Quantum biology posits that non-trivial coherent macromolecular interactions can influence biological behavior. If and how nature can maintain coherence in a hot wet environment is unknown. Two-photon time-resolved fluorescence anisotropy, photon-antibunching, fluorescence correlation spectroscopy, and one-photon circular dichroism was used to demonstrate that homodimers of a yellow fluorescent protein (FP) behave coherently (excitonic coupling) at room temperature, and this coupling alters their ability to emit photons independently. This supports the hypothesis that FPs have evolved mechanisms to allow coherent interactions under physiological conditions. Since FPs are experimentally tractable, they are ideally suited for studying how nature can enable biological coherence.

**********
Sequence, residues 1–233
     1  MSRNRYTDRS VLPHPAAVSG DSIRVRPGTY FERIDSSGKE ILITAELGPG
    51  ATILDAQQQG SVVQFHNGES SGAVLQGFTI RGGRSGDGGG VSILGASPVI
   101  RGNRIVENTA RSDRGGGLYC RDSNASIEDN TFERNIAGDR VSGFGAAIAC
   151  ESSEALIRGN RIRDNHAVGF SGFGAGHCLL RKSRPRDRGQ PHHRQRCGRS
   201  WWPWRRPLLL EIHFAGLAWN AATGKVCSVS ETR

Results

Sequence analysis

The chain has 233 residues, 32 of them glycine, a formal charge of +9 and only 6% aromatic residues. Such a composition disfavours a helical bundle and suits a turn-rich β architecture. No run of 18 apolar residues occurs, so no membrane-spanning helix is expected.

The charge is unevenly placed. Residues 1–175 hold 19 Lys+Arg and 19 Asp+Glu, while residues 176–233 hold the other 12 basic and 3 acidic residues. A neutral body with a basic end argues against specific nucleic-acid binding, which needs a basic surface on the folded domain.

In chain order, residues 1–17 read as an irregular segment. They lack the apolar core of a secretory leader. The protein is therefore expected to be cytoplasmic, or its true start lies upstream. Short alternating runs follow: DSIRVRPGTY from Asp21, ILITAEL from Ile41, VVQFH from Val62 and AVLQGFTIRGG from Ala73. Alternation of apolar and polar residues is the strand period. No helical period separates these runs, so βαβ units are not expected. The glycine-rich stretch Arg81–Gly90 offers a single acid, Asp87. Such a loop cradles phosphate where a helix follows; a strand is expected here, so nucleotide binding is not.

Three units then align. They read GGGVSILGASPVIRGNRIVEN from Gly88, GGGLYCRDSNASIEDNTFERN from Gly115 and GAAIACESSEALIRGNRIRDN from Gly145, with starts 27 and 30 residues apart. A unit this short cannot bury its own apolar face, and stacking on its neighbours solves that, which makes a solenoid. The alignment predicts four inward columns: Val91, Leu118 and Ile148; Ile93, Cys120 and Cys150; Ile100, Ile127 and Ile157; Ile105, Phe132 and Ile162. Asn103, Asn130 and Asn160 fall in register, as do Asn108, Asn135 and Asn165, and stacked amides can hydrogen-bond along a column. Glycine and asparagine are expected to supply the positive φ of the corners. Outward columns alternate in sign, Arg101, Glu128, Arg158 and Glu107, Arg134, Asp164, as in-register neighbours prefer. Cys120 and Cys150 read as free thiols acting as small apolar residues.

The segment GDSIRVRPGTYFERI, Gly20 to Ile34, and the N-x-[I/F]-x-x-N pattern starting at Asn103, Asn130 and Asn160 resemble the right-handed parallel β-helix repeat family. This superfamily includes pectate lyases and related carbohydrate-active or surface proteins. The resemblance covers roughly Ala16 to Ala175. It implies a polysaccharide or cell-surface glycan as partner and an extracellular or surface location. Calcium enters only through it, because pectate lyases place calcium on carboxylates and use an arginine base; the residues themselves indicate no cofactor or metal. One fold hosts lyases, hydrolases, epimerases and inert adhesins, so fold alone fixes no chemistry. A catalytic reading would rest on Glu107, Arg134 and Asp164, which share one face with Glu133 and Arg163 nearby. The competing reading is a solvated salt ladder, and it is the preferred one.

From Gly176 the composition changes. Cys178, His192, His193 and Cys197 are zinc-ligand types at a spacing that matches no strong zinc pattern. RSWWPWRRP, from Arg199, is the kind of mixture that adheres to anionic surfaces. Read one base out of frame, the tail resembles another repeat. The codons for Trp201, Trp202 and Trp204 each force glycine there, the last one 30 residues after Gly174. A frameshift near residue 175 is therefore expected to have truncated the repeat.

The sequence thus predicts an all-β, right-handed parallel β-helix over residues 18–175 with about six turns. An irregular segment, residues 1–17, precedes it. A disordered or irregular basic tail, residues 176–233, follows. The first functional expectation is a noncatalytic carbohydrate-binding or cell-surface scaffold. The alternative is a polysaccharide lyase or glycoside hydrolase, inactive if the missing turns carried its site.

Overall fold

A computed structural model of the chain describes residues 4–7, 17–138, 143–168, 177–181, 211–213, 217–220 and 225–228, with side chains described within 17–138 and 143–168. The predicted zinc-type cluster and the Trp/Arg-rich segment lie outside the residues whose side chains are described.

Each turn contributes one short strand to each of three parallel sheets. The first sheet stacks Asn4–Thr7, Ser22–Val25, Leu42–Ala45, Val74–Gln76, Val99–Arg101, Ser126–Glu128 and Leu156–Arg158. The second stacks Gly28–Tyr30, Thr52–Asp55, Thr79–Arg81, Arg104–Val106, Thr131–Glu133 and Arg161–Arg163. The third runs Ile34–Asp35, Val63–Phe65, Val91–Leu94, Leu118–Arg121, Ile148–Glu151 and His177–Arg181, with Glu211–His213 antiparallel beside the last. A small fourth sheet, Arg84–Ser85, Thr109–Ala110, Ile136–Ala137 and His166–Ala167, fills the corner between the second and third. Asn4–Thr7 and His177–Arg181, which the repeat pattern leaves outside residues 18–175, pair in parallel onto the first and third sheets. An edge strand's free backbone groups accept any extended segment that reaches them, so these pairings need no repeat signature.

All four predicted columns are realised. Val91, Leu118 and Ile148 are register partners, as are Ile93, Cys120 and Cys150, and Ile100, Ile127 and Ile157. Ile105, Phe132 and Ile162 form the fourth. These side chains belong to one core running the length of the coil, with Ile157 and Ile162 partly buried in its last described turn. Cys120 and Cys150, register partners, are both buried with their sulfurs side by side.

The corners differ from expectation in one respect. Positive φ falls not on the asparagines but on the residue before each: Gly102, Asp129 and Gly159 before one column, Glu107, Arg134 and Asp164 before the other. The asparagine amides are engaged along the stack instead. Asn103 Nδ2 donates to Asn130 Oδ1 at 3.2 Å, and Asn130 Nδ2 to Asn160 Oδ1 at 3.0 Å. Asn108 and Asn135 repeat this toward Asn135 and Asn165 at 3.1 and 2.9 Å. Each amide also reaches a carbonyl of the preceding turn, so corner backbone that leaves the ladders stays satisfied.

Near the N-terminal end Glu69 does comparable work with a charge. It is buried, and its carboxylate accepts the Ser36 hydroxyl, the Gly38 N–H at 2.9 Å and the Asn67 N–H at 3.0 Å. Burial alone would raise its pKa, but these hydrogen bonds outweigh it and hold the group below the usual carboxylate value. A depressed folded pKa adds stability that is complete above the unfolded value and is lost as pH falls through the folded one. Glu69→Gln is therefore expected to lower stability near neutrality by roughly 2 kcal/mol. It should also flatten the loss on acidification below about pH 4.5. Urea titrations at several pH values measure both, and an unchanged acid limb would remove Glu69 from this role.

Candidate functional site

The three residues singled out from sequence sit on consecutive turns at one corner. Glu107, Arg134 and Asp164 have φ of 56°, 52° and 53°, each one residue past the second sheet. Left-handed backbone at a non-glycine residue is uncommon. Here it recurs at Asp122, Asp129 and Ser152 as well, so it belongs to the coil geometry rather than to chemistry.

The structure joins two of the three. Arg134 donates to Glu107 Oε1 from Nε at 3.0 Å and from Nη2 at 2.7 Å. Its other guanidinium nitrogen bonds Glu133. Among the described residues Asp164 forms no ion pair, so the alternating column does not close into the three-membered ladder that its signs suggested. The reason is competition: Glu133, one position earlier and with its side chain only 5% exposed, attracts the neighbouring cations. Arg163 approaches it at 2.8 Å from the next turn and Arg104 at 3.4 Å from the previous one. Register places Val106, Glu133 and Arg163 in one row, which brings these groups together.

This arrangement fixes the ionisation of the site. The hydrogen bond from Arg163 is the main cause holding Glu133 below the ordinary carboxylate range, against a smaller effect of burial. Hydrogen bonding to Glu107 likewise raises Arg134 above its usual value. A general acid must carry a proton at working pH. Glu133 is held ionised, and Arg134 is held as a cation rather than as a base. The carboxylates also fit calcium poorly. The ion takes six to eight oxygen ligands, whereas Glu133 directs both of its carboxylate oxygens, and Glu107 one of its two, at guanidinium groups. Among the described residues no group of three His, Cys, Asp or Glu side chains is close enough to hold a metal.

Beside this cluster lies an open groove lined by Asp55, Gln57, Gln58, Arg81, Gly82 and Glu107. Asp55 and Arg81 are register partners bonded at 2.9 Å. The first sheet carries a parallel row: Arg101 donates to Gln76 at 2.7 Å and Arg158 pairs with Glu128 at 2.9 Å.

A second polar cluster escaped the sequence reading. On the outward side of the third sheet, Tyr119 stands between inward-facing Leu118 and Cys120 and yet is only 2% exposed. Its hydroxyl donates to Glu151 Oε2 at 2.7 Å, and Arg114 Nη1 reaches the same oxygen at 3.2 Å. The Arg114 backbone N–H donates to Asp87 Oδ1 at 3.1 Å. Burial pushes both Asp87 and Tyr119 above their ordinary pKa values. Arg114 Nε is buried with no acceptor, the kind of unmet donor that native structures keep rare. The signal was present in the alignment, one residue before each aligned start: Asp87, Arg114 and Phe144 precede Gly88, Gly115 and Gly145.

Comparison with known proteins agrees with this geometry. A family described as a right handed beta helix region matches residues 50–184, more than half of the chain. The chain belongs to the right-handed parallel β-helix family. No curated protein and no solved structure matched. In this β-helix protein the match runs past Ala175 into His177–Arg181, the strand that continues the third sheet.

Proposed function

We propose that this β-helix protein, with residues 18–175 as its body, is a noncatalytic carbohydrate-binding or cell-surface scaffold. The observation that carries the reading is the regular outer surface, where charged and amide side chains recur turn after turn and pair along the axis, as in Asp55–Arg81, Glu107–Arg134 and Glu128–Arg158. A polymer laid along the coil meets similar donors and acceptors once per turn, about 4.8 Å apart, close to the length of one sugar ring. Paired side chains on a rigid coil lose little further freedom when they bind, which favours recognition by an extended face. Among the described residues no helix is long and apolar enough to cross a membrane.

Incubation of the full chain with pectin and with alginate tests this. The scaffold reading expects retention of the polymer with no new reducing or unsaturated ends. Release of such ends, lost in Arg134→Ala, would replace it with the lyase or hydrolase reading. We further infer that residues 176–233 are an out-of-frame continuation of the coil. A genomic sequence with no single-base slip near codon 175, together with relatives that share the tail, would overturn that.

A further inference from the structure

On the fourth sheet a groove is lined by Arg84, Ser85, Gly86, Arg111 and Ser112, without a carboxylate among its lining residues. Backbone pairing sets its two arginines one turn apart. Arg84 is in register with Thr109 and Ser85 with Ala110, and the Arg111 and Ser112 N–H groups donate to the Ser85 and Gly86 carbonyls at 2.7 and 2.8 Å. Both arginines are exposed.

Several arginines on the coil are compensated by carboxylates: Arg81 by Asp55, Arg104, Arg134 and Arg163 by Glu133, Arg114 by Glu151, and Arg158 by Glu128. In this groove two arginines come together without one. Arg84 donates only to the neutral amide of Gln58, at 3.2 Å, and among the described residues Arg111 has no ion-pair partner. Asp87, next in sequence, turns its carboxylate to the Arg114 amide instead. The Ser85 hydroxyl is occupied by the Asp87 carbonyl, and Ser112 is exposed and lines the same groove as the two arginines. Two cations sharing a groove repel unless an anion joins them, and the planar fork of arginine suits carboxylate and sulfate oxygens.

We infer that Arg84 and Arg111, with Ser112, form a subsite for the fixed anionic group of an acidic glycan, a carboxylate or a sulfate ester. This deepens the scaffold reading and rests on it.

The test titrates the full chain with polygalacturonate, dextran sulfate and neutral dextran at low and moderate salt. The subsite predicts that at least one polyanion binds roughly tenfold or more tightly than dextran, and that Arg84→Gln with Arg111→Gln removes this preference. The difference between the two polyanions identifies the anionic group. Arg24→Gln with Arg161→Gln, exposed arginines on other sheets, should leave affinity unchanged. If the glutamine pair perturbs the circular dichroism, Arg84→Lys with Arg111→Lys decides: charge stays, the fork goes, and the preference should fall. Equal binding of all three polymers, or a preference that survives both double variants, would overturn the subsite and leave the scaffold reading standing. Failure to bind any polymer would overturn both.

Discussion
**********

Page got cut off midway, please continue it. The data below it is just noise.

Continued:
Steven S. Vogel, "Two-photon time-resolved anisotropy, FCS, and photon antibunching reveal excitonic coupling between fluorescent proteins (Conference Presentation)," Proc. SPIE 11244, Multiphoton Microscopy in the Biomedical Sciences XX, 112440E (Presented at SPIE BiOS: February 02, 2020; Published: 9 March 2020); https://doi.org/10.1117/12.2544306.6138713607001.
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